Rob fib

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Rob fib

  1. 1. Atrial Fibrillation…. Robert Minera D.O. PGY-IV ARMC Emergency Medicine
  2. 2. Atrial Fibrillation…. aka Pennington Syndrome Robert Minera D.O. PGY-IV ARMC Emergency Medicine
  3. 3. Epidemiology <ul><li>Most frequently diagnosed arrhythmia </li></ul><ul><li>Affects 2.3 million people in the US </li></ul><ul><li>Affects 1/136 people in the US </li></ul><ul><li>Incidence increases with age </li></ul><ul><li>8% of people >80 yrs. old </li></ul>
  4. 4. Signs and Symptoms <ul><li>Palpitations </li></ul><ul><li>Weakness </li></ul><ul><li>Dizziness </li></ul><ul><li>Reduced exercise capacity </li></ul><ul><li>Dyspnea </li></ul><ul><li>Asymptomatic </li></ul>
  5. 5. Etiology/Risk Factors <ul><li>Structural heart disease </li></ul><ul><li>Chronic lung disease </li></ul><ul><li>Pneumonia </li></ul><ul><li>Hyperthyroidism </li></ul><ul><li>Alcohol use </li></ul><ul><li>Pulmonary embolism </li></ul><ul><li>HTN </li></ul><ul><li>Pericarditis </li></ul>
  6. 6. Differential Diagnosis <ul><li>Narrow Complex Tachycardias </li></ul><ul><ul><li>Atrial Fibrillation </li></ul></ul><ul><ul><li>Atrial Flutter </li></ul></ul><ul><ul><li>AVNRT </li></ul></ul><ul><ul><li>AVRT </li></ul></ul><ul><ul><li>Atrial tachycardia </li></ul></ul><ul><ul><li>Sinus tachycardia </li></ul></ul><ul><ul><li>Multifocal atrial tachycardia </li></ul></ul>SVT is a category, not a diagnosis!
  7. 7. ACC/AHA/ESC <ul><li>Paroxysmal: terminates in < 7 days </li></ul><ul><li>Persistent: fails to terminate within 7 days </li></ul><ul><li>Permanent: > 1 year </li></ul><ul><li>Lone: Individuals without structural heart disease, < 60 yrs old </li></ul>
  8. 8. Diagnostic Testing: EKG Narrow Complex Irregularly Irregular Rapid Ventricular Rate
  9. 9. Diagnostic Testing: TTE <ul><li>To assess for structural heart disease </li></ul><ul><ul><li>EF </li></ul></ul><ul><ul><li>Wall motion </li></ul></ul><ul><ul><li>Dilation/Hypertrophy </li></ul></ul><ul><ul><li>Size of right and left atrium </li></ul></ul><ul><ul><li>Valvular disease </li></ul></ul><ul><ul><li>Pericardial disease </li></ul></ul>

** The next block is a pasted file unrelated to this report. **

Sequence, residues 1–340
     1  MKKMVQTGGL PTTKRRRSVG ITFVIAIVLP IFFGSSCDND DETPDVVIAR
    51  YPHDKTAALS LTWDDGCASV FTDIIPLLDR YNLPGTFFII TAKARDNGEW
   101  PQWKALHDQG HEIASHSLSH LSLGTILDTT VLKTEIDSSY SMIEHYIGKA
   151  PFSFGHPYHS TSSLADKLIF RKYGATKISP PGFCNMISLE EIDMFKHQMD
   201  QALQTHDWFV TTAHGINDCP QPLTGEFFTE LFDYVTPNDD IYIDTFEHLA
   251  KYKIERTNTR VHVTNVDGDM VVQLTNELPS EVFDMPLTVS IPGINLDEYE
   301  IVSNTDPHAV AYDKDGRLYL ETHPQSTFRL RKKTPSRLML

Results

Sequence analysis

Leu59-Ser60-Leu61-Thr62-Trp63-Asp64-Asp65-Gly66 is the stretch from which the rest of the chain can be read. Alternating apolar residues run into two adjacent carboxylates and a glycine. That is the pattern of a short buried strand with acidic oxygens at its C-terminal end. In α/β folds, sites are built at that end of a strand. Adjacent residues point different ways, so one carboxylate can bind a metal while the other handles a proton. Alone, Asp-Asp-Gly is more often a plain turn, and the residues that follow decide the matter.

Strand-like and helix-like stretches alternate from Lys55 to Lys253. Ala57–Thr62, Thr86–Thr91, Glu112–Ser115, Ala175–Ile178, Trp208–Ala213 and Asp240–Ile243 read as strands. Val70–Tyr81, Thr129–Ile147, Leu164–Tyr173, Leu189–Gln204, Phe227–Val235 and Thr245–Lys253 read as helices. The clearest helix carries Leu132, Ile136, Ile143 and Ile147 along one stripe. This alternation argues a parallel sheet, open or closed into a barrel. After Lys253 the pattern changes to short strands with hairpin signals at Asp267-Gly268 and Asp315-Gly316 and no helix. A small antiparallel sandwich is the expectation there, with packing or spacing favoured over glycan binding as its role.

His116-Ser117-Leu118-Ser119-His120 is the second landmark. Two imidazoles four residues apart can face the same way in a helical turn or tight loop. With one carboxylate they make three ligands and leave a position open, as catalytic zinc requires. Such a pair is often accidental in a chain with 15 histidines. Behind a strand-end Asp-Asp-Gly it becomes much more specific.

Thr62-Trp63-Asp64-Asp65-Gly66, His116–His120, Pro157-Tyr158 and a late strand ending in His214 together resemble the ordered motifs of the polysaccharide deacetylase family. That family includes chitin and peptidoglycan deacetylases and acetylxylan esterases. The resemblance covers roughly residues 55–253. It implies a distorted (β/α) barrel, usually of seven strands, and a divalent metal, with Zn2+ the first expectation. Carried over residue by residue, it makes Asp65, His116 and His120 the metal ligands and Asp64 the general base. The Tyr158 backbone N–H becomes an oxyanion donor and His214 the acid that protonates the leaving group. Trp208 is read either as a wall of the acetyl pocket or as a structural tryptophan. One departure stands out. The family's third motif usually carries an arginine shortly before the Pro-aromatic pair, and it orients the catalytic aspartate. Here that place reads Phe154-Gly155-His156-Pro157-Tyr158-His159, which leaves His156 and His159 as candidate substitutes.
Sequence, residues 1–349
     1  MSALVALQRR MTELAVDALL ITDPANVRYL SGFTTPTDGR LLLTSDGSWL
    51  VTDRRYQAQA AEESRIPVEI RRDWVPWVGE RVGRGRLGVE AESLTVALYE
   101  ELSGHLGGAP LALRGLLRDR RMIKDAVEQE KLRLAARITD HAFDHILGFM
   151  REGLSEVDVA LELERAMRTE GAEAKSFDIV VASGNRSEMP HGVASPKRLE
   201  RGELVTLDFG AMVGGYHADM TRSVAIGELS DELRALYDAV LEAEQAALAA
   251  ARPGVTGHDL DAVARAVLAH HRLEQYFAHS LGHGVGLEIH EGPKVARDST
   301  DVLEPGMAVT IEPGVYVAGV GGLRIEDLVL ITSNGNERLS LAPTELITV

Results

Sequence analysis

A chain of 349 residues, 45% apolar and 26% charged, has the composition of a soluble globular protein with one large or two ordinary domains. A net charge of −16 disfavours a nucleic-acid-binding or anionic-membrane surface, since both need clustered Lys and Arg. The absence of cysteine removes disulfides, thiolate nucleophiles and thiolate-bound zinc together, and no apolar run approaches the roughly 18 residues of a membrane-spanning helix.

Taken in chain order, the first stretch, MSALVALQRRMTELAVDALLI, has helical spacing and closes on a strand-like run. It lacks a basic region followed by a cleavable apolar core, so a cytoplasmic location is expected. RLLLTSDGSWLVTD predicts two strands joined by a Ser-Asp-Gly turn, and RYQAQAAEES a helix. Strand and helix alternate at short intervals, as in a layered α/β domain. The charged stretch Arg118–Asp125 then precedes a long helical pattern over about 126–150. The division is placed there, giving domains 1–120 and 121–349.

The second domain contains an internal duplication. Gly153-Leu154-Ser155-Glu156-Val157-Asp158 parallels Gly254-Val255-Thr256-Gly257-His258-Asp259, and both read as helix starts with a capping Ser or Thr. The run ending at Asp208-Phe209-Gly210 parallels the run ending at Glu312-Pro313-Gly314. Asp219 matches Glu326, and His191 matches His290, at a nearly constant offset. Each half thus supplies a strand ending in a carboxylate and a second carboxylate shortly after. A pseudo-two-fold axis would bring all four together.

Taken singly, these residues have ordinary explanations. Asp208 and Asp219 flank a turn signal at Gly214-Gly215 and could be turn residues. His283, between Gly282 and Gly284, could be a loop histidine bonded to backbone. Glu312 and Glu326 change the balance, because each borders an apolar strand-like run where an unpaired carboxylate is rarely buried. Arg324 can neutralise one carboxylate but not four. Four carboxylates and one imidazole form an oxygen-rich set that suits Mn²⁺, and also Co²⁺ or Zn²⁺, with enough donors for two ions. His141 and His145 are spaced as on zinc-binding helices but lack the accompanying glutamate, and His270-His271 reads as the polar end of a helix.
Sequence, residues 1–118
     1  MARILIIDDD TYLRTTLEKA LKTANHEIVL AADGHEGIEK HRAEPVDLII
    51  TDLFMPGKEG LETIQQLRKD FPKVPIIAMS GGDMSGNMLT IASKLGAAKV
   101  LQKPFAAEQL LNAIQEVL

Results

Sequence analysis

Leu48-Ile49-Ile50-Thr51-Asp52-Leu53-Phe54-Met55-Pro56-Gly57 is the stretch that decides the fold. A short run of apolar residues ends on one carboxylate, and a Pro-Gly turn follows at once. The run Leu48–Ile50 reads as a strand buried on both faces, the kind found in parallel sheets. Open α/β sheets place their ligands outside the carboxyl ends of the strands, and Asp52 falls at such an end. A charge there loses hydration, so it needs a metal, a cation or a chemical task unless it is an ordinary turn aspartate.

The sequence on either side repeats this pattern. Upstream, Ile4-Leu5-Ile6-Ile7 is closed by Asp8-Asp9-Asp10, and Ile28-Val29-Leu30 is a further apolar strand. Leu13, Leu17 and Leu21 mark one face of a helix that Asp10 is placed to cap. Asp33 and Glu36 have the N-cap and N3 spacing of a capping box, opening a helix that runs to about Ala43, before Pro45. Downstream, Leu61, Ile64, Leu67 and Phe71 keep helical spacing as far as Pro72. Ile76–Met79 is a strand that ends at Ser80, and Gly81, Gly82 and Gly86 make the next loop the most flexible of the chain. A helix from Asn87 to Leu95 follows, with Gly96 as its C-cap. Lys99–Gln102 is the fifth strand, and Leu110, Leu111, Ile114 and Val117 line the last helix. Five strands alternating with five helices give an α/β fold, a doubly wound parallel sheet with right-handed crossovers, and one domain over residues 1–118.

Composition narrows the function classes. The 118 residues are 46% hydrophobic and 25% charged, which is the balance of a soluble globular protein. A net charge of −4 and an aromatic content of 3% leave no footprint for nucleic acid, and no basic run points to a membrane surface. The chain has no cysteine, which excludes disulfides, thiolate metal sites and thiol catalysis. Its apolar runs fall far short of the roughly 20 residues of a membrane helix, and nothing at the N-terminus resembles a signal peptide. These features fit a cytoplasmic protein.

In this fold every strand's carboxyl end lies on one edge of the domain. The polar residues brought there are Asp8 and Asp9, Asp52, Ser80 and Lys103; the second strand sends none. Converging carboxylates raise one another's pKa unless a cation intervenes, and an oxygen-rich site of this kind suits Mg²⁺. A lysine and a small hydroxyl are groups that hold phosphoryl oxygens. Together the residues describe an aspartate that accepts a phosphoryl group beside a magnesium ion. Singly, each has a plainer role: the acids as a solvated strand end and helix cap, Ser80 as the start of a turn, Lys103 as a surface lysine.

10. 10. Chest X-Ray <ul><li>Look for emphysema/COPD </li></ul><ul><li>Cardiac borders </li></ul><ul><li>Pneumonia </li></ul>
  11. 11. Management <ul><li>Rate Control </li></ul><ul><li>Rhythm Control </li></ul><ul><li>Anticoagulation </li></ul><ul><li>Unstable patients </li></ul>
  12. 12. Rate Control <ul><li>Why is rate control important? </li></ul><ul><ul><li>Ischemia, MI, hypotension can occur </li></ul></ul><ul><ul><li>Long term: Cardiomyopathy </li></ul></ul><ul><li>Goals </li></ul><ul><ul><li>Rest HR < 80 bpm </li></ul></ul><ul><ul><li>24 Hour (Tele/Holter) < 100 bpm average </li></ul></ul><ul><ul><li>HR < 110 in 6 minute walk </li></ul></ul>
  13. 13. Rate Control (con’t) <ul><li>Medications </li></ul><ul><ul><li>Metoprolol / Esmolol: IV or Oral </li></ul></ul><ul><ul><li>Diltiazem: IV or Oral </li></ul></ul><ul><ul><li>Verapamil: Oral Only </li></ul></ul><ul><ul><li>Digoxin: Patients with hypotension </li></ul></ul><ul><ul><li>Amiodarone: Also for rhythm control </li></ul></ul>
  14. 14. Rhythm Control <ul><li>Indications </li></ul><ul><ul><li>Symptoms of a-fib persistent </li></ul></ul><ul><ul><li>To avoid long term anticoagulation </li></ul></ul><ul><ul><li>Bleeding risk </li></ul></ul>
  15. 15. Rhythm Control (con’t) <ul><li>Synchronized DC cardioversion </li></ul><ul><ul><li>Emergencies/Hemodynamic instability </li></ul></ul><ul><ul><li>Greater efficacy than medications </li></ul></ul><ul><li>Pharmacologic cardioversion </li></ul><ul><ul><li>If AF < 7days – dofetilide, flecainide, ibutilide, propaferone or amiodarone </li></ul></ul><ul><ul><li>If AF > 7 day – dofetilide or amiodarone </li></ul></ul>
  16. 16. Rate or Rhythm Control? <ul><li>AFFIRM Study: Rate versus rhythm control </li></ul><ul><ul><li>No difference in incidence of stroke </li></ul></ul><ul><ul><li>Trend towards lower mortality in the rate control group </li></ul></ul><ul><ul><li>This is STILL a controversial topic! </li></ul></ul><ul><ul><li>New study focusing on rhythm conversion- </li></ul></ul><ul><ul><li>Ottawa Protocol </li></ul></ul>
  17. 17. Anticoagulation and Cardioversion <ul><li>Afib < 48 hours: </li></ul><ul><ul><li>Cardioversion (CV) </li></ul></ul><ul><ul><li>No anticoagulation indicated </li></ul></ul><ul><li>Afib > 48 hours: </li></ul><ul><ul><li>Anticoagulate for 3-4 weeks before CV </li></ul></ul><ul><ul><li>OR get TEE </li></ul></ul><ul><ul><li>Anticoagulate for 1 month after CV </li></ul></ul>
  18. 18. Anticoagulation – Long Term <ul><li>Risk of CVA determined by CHADS2 score (CHF, HTN, >75, DM, Previous CVA x 2) </li></ul>Key Points Most patients, can wait 48 hours before starting 0-1 probably don’t need anticoagulation 5-6 should be bridged with heparin/LMWH Score Annual Stroke Risk % 0 1.9 1 2.8 2 4.0 3 5.9 4 8.5 5 12.5 6 18.2
  19. 19. Management – Unstable <ul><li>Unstable: A-fib associated with Hypotension </li></ul><ul><li>Synchronized electric Cardioversion immediately </li></ul>
  20. 20. Key Points <ul><li>MI is a rare CAUSE of a-fib </li></ul><ul><li>Rate control must be achieved during exercise, not just at rest </li></ul><ul><li>Not every patients needs to bridge with heparin </li></ul><ul><li>Unstable patients should immediately be cardioverted </li></ul>

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